Several hundred unarmed supporters of a presidential candidate who was denied registration in next month's election stormed the Kyrgyz government headquarters on Friday in the country's largest protest since the March uprising that ousted its former leader.
Police and Interior Ministry troops regained control of the building about an hour after the crowd of about 2,000 had gathered, shouting slogans in support of the candidate, Urmat Baryktabasov.
His registration was denied because Kyrgyz officials said they had proof he was a citizen of neighboring Kazakhstan.
Protesters who were later forced out of the courtyard began throwing rocks at Interior Ministry troops as they tried to shut a gate leading into the yard. Police then fired tear gas at the crowds, briefly dispersing them.
Acting Interior Minister Murat Sutalinov accused Baryktabasov of organizing the unrest, a charge denied by his party.
"Police were informed that this event might happen, but they did not expect it to be in this form," Sutalinov said. "(The protesters) are trying to illegally grant candidacy to a citizen of Kazakhstan."
Tuiganli Abdraimov, chairman of Central Election Commission, later showed reporters Kazakh government documents that demonstrated Baryktabasov received Kazakh citizenship in August 2003. Baryktabasov could not be reached for comment.
The unrest underscored the high tensions in Kyrgyzstan less than a month before the July 10 vote. The election was called after a March uprising ousted longtime Kyrgyz President Askar Akayev. Seven candidates have been registered to take part in the election, including the front-runner, Acting President Kurmanbek Bakiyev.
Bakiyev became prime minister and acting president after the March 24 uprising. He struck a deal with former security chief Felix Kulov _ under which Bakiyev will choose Kulov as prime minister if elected _ to ease fears of possible regional tensions following the elections. Bakiyev enjoys strong support in southern Kyrgyzstan, while Kulov has backing in the north.
Protesters had occupied the country's Supreme Court for more than a month this spring, complaining that the judges had taken unfair decisions against candidates during February parliamentary elections. Supporters of rival lawmakers then evicted them from the building on June 1 amid violent clashes.
Violence broke out earlier in the week in the southern city of Osh, when security guards opened fire on market traders demanding fair market prices. Seven people were injured in the clash Monday, two seriously.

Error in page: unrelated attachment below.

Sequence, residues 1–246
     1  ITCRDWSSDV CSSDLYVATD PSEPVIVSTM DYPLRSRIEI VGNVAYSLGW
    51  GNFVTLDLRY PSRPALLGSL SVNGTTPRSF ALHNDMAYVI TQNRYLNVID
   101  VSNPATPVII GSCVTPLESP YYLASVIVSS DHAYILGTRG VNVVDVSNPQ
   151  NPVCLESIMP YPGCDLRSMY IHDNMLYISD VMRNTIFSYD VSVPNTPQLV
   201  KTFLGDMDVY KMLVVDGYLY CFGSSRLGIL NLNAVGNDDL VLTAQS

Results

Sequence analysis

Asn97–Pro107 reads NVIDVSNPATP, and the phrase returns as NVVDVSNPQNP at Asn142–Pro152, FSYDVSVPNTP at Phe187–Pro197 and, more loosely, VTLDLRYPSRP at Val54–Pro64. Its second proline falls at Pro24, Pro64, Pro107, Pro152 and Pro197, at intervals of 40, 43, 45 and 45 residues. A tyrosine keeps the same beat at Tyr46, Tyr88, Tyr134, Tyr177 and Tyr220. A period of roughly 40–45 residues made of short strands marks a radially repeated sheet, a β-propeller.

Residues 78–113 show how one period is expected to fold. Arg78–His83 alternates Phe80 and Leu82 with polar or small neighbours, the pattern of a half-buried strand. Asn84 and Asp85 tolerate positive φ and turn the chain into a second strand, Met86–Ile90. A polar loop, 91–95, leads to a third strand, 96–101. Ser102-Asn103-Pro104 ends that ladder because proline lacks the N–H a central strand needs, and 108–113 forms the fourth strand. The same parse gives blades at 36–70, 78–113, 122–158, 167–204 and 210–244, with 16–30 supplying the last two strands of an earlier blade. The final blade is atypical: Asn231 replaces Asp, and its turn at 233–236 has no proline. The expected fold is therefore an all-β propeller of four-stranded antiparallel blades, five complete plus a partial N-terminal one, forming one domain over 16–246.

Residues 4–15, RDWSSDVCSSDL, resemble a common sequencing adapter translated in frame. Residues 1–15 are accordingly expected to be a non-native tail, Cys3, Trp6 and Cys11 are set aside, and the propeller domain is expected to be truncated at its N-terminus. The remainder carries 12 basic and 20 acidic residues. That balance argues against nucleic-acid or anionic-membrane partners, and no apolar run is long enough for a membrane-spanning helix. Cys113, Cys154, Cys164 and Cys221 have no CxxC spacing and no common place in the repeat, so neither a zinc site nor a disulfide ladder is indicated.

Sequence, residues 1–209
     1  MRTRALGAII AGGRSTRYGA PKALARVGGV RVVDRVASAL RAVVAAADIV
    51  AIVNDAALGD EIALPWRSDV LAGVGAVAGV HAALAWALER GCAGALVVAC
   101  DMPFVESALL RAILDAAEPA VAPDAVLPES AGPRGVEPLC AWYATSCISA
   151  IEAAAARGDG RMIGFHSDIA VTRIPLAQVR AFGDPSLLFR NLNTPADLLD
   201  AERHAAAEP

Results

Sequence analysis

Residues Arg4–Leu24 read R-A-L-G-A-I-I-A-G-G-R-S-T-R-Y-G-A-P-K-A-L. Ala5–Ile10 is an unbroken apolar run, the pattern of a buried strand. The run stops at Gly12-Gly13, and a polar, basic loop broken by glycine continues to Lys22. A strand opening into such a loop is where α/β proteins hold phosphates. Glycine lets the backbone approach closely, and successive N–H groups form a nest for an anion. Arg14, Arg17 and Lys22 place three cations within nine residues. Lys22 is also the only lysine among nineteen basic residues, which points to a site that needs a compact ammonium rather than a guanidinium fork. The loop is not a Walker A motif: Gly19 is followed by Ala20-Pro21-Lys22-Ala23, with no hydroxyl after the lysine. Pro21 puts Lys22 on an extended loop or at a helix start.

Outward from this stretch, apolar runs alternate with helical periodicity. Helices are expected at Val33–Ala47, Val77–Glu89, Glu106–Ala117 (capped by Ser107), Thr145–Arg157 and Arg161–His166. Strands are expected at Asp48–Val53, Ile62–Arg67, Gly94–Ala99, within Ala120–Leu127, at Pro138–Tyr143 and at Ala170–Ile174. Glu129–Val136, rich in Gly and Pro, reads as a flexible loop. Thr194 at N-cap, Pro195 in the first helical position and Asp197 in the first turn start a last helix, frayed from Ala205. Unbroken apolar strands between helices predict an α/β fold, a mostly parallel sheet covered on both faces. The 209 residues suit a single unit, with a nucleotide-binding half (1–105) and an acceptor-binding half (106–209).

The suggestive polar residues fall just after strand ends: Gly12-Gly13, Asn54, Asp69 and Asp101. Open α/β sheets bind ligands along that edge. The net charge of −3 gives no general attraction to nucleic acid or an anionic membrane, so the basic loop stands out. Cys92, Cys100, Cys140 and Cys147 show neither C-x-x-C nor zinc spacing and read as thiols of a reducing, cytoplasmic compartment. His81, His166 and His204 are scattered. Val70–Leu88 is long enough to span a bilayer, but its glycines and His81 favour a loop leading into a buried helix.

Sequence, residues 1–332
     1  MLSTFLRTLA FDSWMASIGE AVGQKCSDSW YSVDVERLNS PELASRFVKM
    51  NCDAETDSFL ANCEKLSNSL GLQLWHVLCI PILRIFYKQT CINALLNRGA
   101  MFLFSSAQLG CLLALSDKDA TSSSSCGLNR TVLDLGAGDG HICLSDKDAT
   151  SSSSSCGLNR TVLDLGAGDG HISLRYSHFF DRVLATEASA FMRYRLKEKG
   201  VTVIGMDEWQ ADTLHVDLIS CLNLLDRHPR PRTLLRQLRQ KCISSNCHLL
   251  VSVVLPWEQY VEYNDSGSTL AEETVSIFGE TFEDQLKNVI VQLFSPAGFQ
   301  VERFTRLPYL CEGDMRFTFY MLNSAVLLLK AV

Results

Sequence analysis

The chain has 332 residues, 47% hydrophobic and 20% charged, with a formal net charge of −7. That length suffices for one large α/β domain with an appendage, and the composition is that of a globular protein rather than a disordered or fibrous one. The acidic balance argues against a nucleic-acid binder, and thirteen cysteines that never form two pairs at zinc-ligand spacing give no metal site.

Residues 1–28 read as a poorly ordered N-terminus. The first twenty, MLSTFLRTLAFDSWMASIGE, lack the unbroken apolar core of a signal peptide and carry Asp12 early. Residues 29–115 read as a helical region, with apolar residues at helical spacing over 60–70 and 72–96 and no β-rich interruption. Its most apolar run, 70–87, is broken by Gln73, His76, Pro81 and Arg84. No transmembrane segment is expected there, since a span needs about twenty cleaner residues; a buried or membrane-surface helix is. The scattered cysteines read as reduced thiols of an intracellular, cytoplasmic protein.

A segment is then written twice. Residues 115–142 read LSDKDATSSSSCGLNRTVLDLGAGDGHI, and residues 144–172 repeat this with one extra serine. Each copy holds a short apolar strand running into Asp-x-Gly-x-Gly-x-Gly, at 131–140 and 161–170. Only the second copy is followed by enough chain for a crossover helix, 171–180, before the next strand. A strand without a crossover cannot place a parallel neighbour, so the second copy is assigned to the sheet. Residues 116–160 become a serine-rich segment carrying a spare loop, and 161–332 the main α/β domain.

Last week, a lawmaker who owned the biggest car market in Bishkek, the Kyrgyz capital, was shot and killed. Authorities on Tuesday announced a US$25,000 reward for information to help to solve the murder.
The crowd on Friday swept aside approximately 50 policemen and 20 National Guardsman who had been patrolling the building. Police had earlier sealed off the square outside the building.
Up to 100 Interior Ministry troops carrying riot shields and truncheons sealed off entrances to the building after the storming. They then started advancing on the crowd outside the building, beating their shields and causing protesters to break and run.
Police later forced protesters out of the building and out of the courtyard, but the crowds lingered outside. Several forced their way past Interior Ministry troops back into the yard.
Farida Mambetakunova, 35, from Baryktadasov's home region of Issyk-Kul in northeastern Kyrgyzstan, on the border with Kazakhstan, stood on a flight of steps inside the government headquarters.
"Our goal is to elect him as our president. We will wait here until he is given a mandate to run in the race. We won't leave until then," she said.
"He gave us jobs and money," she added. "Bakiyev hasn't done anything since coming to power."
Kulov told an emergency session of parliament that the authorities would launch a criminal investigation into the storming and beef up security.
"This bedlam has to end," he said. "This will not happen again."
KADYR TOKTOGULOV, Associated Press Writer
In recent years, genetics has become a cutting-edge science, not only in the professional field of biology, but also because of the enormous social reach of its discoveries and approaches. Not in vain, practically every day the press offers us the discovery of a new gene, a new hereditary determinant directly involved in the manifestation of diseases or physical characteristics.
On December 14, President Putin holds his annual Q&A session with Russian and foreign journalists. This conference is considered to be the beginning of his presidential campaign